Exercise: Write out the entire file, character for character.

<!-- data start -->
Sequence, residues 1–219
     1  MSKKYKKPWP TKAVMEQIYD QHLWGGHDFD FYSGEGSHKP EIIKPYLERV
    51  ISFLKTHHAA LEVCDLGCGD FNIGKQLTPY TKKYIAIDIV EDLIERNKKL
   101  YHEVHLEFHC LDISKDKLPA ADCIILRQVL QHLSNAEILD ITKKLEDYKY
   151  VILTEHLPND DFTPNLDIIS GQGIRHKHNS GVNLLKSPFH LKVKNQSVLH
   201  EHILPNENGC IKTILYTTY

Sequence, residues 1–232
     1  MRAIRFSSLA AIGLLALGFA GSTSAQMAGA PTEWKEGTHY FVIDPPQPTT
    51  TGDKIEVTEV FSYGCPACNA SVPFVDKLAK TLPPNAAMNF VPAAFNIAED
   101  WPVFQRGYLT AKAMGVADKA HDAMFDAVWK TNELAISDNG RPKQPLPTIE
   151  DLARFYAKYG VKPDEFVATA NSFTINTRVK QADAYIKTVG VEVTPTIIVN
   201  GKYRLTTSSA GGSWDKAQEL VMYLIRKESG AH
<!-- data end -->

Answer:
Sequence, residues 1–219
     1  MSKKYKKPWP TKAVMEQIYD QHLWGGHDFD FYSGEGSHKP EIIKPYLERV
    51  ISFLKTHHAA LEVCDLGCGD FNIGKQLTPY TKKYIAIDIV EDLIERNKKL
   101  YHEVHLEFHC LDISKDKLPA ADCIILRQVL QHLSNAEILD ITKKLEDYKY
   151  VILTEHLPND DFTPNLDIIS GQGIRHKHNS GVNLLKSPFH LKVKNQSVLH
   201  EHILPNENGC IKTILYTTY

Sequence, residues 1–232
     1  MRAIRFSSLA AIGLLALGFA GSTSAQMAGA PTEWKEGTHY FVIDPPQPTT
    51  TGDKIEVTEV FSYGCPACNA SVPFVDKLAK TLPPNAAMNF VPAAFNIAED
   101  WPVFQRGYLT AKAMGVADKA HDAMFDAVWK TNELAISDNG RPKQPLPTIE
   151  DLARFYAKYG VKPDEFVATA NSFTINTRVK QADAYIKTVG VEVTPTIIVN
   201  GKYRLTTSSA GGSWDKAQEL VMYLIRKESG AH